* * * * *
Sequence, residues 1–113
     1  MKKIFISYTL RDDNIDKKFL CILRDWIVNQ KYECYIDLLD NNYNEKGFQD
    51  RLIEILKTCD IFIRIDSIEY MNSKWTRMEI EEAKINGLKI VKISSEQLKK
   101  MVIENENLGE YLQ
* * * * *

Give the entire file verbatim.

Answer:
Sequence, residues 1–113
     1  MKKIFISYTL RDDNIDKKFL CILRDWIVNQ KYECYIDLLD NNYNEKGFQD
    51  RLIEILKTCD IFIRIDSIEY MNSKWTRMEI EEAKINGLKI VKISSEQLKK
   101  MVIENENLGE YLQ